That's not so amazing, but he did something I have never seen a TV chef do--it's one of my biggest cooking pet peeves ever (and you all know I have a few FoodTV peeves!).
Alton wore latex gloves while mixing the meatloaf. Finally a chef followed a sanitary procedure while cooking.
Everyone has their favorite meat loaf recipe.
I thought I would post mine. I use only ground beef (I think Alton mixes pork and lamb in his). When I take the time to make this, I always make an extra for the freezer. It's just as easy to make two and I will have a dinner waiting to pop in the oven.
Meat Loaf ala Zo
4 lbs. ground Chuck
1 cup Italian Bread Crumbs
3 large eggs
1 cup whole milk
salt and pepper to taste
3 medium-sized onions
3 stalks celery
Throw the milk, eggs, bread crumbs, salt & pepper in a big bowl. Mix them all up with a fork and let them sit for at least 1/2 hour.
While the bread crumbs are being absorbed into the liquid mixture above, I like to caramelized the onions. It eliminates those little hard chunks of onion that do not cook thoroughly as well as adding a little more flavor. Throw in the celery when the onions are within 5 minutes of being done. Just cook the celery a few minutes to soften.
When the bread crumb mixture looks like this, you can add the meat.Put those latex (powder free) gloves on and gently mix. (the wonderful thing about wearing gloves is that you will not have any dead cow flesh to scrape from beneath your fingernails).
Pat into two free-form loaves and bake at 350 degrees until they are as done as you like them. I like them well done, so I cook them about an hour, depending on how thick they are.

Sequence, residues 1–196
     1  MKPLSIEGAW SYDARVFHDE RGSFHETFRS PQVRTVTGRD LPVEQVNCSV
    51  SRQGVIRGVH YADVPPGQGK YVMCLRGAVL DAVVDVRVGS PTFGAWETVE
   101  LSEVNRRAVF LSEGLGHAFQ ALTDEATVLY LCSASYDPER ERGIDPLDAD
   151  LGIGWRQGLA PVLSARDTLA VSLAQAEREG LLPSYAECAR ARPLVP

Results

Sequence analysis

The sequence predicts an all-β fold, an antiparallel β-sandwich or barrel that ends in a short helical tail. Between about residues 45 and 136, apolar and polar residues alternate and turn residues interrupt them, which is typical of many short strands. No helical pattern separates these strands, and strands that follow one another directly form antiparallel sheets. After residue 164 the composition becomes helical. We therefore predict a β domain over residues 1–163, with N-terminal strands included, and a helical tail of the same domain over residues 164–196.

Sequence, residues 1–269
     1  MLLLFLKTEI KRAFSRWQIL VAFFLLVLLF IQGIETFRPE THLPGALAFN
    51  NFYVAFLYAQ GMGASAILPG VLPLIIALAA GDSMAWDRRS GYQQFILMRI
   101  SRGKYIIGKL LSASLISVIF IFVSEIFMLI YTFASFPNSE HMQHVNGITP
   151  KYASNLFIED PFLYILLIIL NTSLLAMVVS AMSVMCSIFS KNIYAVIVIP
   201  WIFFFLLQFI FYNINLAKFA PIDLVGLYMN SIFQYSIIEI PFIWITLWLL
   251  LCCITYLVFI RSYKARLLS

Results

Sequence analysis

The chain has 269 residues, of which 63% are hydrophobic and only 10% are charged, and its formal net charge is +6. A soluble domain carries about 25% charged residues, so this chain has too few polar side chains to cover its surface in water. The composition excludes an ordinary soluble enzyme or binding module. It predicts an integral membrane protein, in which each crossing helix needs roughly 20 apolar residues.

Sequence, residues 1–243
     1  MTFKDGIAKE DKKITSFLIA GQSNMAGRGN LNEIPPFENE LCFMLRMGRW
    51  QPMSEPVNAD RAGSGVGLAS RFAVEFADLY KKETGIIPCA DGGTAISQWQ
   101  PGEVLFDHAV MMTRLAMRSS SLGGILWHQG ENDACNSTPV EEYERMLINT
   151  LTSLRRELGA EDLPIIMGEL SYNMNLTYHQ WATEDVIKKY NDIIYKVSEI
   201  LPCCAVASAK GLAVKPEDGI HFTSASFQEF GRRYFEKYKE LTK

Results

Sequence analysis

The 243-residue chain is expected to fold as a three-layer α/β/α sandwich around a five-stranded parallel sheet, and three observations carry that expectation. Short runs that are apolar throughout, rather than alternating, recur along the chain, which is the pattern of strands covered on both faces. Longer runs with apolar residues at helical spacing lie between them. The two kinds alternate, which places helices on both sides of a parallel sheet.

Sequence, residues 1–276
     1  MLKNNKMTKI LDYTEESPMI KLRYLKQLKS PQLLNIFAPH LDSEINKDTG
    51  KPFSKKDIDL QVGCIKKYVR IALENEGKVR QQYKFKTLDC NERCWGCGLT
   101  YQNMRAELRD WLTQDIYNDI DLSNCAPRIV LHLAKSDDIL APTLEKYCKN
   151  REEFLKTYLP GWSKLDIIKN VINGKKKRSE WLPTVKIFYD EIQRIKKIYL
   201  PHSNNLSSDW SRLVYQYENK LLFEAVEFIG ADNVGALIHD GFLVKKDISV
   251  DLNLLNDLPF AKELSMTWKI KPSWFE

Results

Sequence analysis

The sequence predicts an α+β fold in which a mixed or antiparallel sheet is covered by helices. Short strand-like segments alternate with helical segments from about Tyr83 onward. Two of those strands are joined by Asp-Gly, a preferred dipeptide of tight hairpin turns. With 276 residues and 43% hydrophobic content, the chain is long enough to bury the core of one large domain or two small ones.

Don't stuff the meat into a bread loaf pan (as I used to do). You want the sides exposed to get brown and a little crisp (it adds flavor). About 20 minutes before they are done, I usually mix up some ketchup and Karo light corn syrup and slather it all over the top. Personally, I like the meatloaf, gravy, mashed potatoes thing, but DH doesn't like gravy. It's HEINZ ketchup all the way for him. (no Hunts, gotta be the Heinz--He is a man with a very refined culinary palate).
Secondary subject: Yesterday's Mail
I think I have received every magazine offer imagineable this month.
Yesterday I received 4 of them, all of which went in the trash--3 were gardening related, one was for Oprah. I get about all of the magazines I can read already. Unless, of course, I get a per issue price so low I just cannot refuse. Fine Gardening is a good magazine, but at $5/issue, I can easily pass.
I don't know if you can clearly see the picture on the Keepsake Quilting catalog, but that is one fine log cabin quilt adorning it's cover. It's $20 just for the pattern. I don't know about you, but I think that is pretty high for one pattern. I can buy an entire quilting book FULL of patterns for that price.